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Kabataan presents new set of nominees for party-list elections, endorses Neri Colmenares’ bid for Senate

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[5 Feb 2016 | No Comment | 150 views]

Youth groups led by Kabataan Partylist and the National Union of Students of the Philippines (NUSP) trooped to the main office of the Commission on Higher Education (CHED) in Quezon City on Friday to denounce the new spate of tuition and other school fee increases in over 400 colleges and universities next year.

Carrying banners with feisty slogans denouncing the high cost of education in the Philippines, students from various private schools converged in front of UP Diliman’s Oblation statue and marched to CHED’s main office, where they held a spirited program in front of CHED’s gates.

Student activists carried a mock logo of CHED bearing the inscription “Commission on Highly Expensive Tuition” and a mock registration fee filled with various dubious fees, both of which were set afire amid the chants of “education is right, not a privilege.”

Groups also hanged school uniforms over CHED’s gates to symbolize the thousands of students who will drop out next school year due to the high cost of college education.

“From Luzon to Mindanao, parents and students are calling out to CHED and the Aquino government to stop the impending hikes. Yet this callous, uncaring and inutile commission and its boss in the Palace continue to play deaf. If the impending tuition hikes push through, let every student who drops out due to financial constraints this year be counted against Aquino and CHED,” Kabataan Partylist Rep. Terry Ridon said.

Earlier this week, Ridon bared that based on Kabataan’s independent monitoring, about 400 schools in the country will propose tuition hikes ranging from five to 15 percent for next academic year.

In a legislative hearing last Wednesday, CHED officials confirmed the said figures, noting that schools have yet to pass their proposals to the commission. Consultations for tuition increase proposals are held in schools during the month of February.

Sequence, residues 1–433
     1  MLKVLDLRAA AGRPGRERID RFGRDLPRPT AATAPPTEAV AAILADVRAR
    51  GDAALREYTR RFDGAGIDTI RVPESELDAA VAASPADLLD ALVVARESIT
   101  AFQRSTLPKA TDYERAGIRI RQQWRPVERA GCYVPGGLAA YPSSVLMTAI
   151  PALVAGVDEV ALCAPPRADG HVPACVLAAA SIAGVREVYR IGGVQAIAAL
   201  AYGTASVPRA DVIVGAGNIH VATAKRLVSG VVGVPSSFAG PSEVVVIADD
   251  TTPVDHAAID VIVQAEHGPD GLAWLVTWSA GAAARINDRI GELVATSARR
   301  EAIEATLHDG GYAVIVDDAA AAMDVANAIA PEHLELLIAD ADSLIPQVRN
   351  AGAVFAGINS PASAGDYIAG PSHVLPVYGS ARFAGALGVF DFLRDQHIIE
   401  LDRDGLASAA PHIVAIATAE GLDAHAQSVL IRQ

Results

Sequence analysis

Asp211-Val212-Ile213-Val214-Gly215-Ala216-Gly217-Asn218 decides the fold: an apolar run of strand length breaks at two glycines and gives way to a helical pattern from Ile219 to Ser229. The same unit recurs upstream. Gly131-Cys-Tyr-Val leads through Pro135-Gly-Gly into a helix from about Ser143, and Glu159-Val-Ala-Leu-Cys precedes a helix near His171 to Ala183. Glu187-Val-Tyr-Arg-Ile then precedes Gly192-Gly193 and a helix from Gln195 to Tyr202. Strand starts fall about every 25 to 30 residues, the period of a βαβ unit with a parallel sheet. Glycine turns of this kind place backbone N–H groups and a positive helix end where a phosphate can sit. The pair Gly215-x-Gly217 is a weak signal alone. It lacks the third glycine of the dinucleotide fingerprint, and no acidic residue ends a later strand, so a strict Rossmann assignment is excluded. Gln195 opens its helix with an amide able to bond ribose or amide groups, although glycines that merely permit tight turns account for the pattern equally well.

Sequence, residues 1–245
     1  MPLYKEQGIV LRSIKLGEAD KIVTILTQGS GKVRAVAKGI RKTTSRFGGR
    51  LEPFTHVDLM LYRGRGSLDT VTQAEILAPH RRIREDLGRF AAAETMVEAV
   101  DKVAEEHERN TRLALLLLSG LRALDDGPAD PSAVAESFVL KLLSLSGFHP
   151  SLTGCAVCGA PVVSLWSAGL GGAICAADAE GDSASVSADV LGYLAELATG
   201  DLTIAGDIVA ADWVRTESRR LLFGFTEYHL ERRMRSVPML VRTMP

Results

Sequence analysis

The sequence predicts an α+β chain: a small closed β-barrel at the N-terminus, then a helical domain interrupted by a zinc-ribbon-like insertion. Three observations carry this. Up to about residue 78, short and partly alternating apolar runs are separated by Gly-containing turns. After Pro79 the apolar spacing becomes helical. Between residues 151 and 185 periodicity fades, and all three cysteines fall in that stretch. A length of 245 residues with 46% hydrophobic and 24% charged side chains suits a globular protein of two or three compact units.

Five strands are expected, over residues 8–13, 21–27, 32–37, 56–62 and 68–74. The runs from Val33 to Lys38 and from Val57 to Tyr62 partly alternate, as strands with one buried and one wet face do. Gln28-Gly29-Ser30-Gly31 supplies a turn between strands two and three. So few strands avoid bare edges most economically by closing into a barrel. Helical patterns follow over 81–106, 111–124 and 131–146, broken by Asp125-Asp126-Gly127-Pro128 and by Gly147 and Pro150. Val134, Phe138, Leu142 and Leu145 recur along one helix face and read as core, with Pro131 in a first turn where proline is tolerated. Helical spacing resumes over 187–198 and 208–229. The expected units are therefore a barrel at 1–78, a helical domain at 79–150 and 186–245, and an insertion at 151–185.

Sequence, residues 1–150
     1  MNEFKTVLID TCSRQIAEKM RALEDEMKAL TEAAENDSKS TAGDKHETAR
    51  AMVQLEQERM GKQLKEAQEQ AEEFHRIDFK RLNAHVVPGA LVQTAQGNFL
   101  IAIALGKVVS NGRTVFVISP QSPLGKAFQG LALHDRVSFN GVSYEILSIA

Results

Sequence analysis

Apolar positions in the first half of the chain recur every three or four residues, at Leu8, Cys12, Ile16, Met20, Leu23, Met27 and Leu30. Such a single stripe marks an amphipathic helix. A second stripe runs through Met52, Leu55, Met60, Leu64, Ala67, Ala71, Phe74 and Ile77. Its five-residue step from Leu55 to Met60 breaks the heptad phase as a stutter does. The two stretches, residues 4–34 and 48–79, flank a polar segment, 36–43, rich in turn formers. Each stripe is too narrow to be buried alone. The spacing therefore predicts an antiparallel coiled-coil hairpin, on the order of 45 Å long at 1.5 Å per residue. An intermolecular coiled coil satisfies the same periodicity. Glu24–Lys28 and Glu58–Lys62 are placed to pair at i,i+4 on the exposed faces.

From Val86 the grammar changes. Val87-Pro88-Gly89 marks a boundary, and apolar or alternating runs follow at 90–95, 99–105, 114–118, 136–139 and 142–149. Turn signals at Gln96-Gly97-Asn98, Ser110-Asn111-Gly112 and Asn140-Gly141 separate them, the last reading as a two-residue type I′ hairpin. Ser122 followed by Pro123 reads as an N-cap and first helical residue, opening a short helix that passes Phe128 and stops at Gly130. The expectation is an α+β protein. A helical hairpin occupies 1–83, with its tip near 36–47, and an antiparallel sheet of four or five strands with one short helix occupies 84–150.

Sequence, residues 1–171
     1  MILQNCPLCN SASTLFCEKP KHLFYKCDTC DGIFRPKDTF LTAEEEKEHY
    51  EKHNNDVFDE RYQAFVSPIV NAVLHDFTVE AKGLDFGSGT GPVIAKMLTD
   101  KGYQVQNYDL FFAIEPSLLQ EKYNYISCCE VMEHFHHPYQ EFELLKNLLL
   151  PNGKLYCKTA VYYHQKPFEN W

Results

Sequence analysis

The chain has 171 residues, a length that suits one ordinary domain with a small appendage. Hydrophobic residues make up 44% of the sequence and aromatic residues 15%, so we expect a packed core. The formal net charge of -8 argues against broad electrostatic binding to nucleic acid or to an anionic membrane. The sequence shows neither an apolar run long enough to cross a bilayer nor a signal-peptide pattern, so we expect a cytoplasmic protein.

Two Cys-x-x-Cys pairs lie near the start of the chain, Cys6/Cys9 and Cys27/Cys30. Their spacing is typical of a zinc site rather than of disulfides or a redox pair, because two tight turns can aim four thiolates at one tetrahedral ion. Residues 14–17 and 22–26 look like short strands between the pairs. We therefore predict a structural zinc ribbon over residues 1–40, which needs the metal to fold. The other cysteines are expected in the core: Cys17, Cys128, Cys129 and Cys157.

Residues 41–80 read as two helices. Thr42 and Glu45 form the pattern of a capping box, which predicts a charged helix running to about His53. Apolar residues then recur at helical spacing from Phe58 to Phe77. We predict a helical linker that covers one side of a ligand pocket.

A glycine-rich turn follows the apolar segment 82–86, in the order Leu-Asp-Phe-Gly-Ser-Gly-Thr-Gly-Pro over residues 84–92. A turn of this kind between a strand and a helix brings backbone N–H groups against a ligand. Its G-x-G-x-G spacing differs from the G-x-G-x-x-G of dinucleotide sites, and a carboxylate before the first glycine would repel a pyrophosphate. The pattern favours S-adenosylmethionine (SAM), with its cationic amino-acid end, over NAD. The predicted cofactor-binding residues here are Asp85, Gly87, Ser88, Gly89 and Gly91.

Kabataan Partylist also released a study last Wednesday which showed that both tuition rates and profits of private universities have almost doubled under Aquino’s five years as president.

“With the highly deregulated nature of the Philippine education system, college education has become a very lucrative business, with many private universities posting billions upon billions in profit. These data show that under President Aquino, this system of moneymaking in education has clearly gone from bad to worse,” said Sarah Elago, NUSP President and Kabataan Partylist first nominee.

“The cost of higher education, especially public higher education, is not only a local concern – but a national issue. The current state of college education in the country – which is highly unaffordable and inaccessible for the common Filipino – is the result of the Aquino administration’s continued push to turn education into a business venture, a luxury commodity, rather than a right,” Elago maintained.###

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[3 Feb 2016 | No Comment | 574 views]

With the incessant increase in tuition and other school fees each year, not only have tuition and other school rates almost doubled under President Benigno Aquino III’s presidency, but the profits of top private universities as well.

In a new study released by Kabataan Partylist on Wednesday, it was revealed that several top private universities in the country increased revenues and profits since Aquino assumed the presidency in 2010.

Data culled from the annual financial reports submitted to the Securities and Exchange Commission (SEC) show a steady increase in profitability of some of the country’s most well-known private higher education institutions (HEIs), with some universities almost doubling their annual profit in a span of just five years.